Education in Nicaragua
When it comes to education in Pakistan, there’s no beating around the bush: the country is home to one of the worst education systems in the world. Over 5 million children in Pakistan are out of school. This is the second highest number of out-of-school children in the world, amounting to one in 12 of the world’s out-of-school children.

All told, nearly 50 million adults in Pakistan are illiterate. That represents the third largest illiterate population globally.

And worst of all, Pakistan’s meager spending on education is declining. Education spending in Pakistan dropped from 2.6 percent of the nation’s GDP in 1999 to 2.3 percent in 2010.

The ramifications this has on the people of Pakistan are devastating. Twelve-year-old Fatma goes to school in an abandoned brickyard, one of about 20,000 “shelterless” schools in Pakistan.

“I study at the Government Primary School in Lahore,” Fatma said. “I study English language, and I like it. There are no chairs. We have to sit on the ground. It’s a problem in the winter. When it rains there is nowhere to sit.”

Those schools that are bonafide buildings are not much better off. Sixty percent of these buildings have no electricity, while 40 percent lack access to drinking water.

According to some, the abysmal state of education in Pakistan is the result of a war between the powerful elite and the impoverished masses. Some claim that the rich in Pakistan are purposefully keeping the poor illiterate to stay in power.

Frustrated, one of Fatma’s school council members has said, “Government officials send their own kids to air-conditioned classrooms. Let’s see them make their kids sit here and see what it is like!”

Indeed, disparities in income mean that the most privileged group will receive a far better education in Pakistan. Ninety-one percent of the richest members of society complete their primary education, while only 26 percent of the poorest can say the same.

Still, education in Pakistan for the rich and the poor alike remains dismal. The poor hold classes outdoors, while the main luxury for “rich” schools is air-conditioning.

Yet there is hope for education in Pakistan. USAID has established a set of lofty goals that would significantly improve the quality of education in the country. The organization plans to “bring 3.2 million children to read at or above their grade level by 2018.” Furthermore, USAID has pledged that 120,000 children will get access to new schools. For many of them, it will be their first time in a school with a roof.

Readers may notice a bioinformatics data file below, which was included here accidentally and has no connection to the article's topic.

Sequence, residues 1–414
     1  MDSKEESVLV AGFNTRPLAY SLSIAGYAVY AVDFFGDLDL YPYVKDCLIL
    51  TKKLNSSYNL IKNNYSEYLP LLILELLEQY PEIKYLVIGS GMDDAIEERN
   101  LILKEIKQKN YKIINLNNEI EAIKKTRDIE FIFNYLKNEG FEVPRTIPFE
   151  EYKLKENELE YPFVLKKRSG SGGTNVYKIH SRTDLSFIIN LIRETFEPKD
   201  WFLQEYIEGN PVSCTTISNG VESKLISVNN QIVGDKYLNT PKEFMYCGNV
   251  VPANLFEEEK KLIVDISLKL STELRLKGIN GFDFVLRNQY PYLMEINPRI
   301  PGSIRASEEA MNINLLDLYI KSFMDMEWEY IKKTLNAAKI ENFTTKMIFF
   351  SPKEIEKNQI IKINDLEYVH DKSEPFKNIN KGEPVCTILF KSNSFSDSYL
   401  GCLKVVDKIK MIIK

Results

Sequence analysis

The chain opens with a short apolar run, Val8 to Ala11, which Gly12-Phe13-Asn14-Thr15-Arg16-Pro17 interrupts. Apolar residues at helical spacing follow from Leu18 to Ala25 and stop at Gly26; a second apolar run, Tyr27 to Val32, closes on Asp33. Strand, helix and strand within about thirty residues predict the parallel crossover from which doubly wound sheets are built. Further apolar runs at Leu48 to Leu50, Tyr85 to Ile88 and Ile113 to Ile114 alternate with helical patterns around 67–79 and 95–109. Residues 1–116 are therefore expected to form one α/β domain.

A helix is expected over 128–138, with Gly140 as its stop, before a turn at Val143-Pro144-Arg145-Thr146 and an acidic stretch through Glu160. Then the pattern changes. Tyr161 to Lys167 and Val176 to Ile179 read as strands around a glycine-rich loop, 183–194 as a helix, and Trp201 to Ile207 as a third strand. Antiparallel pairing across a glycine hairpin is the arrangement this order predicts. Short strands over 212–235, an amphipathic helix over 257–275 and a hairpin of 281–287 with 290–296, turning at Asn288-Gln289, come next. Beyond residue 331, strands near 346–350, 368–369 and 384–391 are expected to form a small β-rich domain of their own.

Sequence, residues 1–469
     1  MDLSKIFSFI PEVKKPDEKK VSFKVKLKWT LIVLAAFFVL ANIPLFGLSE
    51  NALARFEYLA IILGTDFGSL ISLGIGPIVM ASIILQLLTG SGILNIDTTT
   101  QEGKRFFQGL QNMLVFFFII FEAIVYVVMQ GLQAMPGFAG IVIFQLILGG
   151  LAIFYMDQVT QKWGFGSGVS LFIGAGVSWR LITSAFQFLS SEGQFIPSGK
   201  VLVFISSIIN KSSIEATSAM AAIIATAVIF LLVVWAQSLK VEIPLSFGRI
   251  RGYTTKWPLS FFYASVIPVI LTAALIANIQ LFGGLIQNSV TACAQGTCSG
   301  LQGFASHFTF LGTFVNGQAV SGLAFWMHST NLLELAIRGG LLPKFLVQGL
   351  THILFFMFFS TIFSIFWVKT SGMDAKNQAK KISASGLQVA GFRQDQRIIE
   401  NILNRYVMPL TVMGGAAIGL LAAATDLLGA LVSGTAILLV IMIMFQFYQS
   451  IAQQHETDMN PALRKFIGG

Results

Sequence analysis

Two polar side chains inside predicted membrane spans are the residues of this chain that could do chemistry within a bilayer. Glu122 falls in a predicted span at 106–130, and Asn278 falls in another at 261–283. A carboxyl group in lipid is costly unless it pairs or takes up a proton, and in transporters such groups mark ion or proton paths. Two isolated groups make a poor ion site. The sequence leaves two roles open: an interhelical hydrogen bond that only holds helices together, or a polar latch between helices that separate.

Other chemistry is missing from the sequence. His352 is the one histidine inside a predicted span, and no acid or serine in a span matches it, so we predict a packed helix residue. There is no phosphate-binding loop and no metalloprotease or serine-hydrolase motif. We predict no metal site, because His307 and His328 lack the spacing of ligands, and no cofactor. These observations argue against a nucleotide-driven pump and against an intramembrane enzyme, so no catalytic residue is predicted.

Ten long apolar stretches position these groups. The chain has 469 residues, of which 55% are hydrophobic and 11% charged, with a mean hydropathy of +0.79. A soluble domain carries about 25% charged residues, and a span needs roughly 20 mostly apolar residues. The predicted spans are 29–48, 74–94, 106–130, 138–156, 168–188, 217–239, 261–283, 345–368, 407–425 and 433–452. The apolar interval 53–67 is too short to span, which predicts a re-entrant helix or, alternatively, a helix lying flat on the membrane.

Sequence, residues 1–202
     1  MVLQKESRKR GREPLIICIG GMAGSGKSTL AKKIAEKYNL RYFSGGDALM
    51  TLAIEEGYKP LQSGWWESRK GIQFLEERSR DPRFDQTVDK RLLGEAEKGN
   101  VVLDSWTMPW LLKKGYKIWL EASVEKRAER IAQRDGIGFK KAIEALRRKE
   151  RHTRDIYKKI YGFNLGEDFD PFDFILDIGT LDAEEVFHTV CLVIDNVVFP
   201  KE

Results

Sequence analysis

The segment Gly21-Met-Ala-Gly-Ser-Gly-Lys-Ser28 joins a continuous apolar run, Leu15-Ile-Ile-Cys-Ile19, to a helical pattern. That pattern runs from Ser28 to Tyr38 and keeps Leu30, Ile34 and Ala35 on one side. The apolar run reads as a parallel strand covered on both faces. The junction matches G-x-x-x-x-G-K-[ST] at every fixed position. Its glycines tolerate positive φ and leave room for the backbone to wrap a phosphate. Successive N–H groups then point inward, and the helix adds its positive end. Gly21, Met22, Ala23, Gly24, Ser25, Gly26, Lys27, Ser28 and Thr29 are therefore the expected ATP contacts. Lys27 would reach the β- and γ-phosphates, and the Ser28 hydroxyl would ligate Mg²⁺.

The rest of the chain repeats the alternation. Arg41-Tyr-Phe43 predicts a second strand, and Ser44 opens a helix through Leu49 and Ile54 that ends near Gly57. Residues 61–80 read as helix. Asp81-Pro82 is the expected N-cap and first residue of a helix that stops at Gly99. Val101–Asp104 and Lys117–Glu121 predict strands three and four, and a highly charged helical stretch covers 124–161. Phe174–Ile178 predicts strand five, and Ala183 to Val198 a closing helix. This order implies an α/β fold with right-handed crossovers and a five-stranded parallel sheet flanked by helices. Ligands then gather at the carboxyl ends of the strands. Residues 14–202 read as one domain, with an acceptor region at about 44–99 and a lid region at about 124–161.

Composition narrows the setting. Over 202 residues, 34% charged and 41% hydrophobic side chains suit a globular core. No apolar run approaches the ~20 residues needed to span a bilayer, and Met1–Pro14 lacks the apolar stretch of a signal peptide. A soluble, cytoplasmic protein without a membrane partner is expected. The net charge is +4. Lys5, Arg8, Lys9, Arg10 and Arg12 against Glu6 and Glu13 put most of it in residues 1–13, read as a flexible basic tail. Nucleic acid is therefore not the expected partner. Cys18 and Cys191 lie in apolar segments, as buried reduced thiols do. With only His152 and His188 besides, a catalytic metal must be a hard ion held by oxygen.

There is reason to hope that USAID can accomplish these goals. In the past three years, the organization has built or renovated over 600 schools while also supplying those schools with new computers and books. Similarly, USAID has trained 15,000 teachers and administrators since 2009.

In the end, only time will tell if Pakistan can overcome its pervasive inequality and government spending issues to turn its failing education system around.

– Sam Hillestad

Photo: Pakistan Today

October 1, 2013 marked the opening ceremony of the International Workshop on Strategies for Combating Human Trafficking in Taipei City, Taiwan. The workshop serves to stimulate conversation and collaboration for human rights protection and is organized by the National Immigration Agency under the Ministry of the Interior. Around 200 policy experts and officials from Taiwan and abroad attended, including those from Brazil, Canada, Vietnam, the U.K. and 16 other countries.

Vice President of the Republic of China (ROC), otherwise known as Taiwan, Wu Den-yih, took a staunch stance against human trafficking at the opening ceremony. He stated that protecting human rights is a universal value that needs international attention. He also highlighted the firm commitment of the ROC government against human trafficking and violations of human rights.

In the days after the opening ceremony, the workshop hosted six discussion panels ranging from topics pertaining the protecting the youth from sex crimes to trying to prevent modern-day slavery and labor exploitation. Many guest speakers were featured at panels, including officials from the U.S. Department of Homeland Security.

This year was the fourth consecutive year that the U.S. State Department awarded Taiwan the Tier 1 status of the U.S. State Department Trafficking in Persons (TIP) Report, based on the government’s effort to fight human trafficking. While the Department of State places countries into one of three tiers, this ranking has no indication of the prevalence of human trafficking in the country, or lack thereof. The ranking simply acknowledges the effort a government has made to make human trafficking a pressing concern in the national political discourse and to attempt to address the problem.

Nevertheless, Taiwan’s ranking demonstrates its commitment of protecting human rights and ending human trafficking. In recent years, Taiwan has been improving law enforcement training, strengthening support services by building shelters and providing temporary work, and establishing policy strictly prosecuting traffickers, such as the Human Trafficking Prevention Act.

– Rahul Shah

Sources: UNPO, AIT, US State Department
Photo: American Institute in Taiwan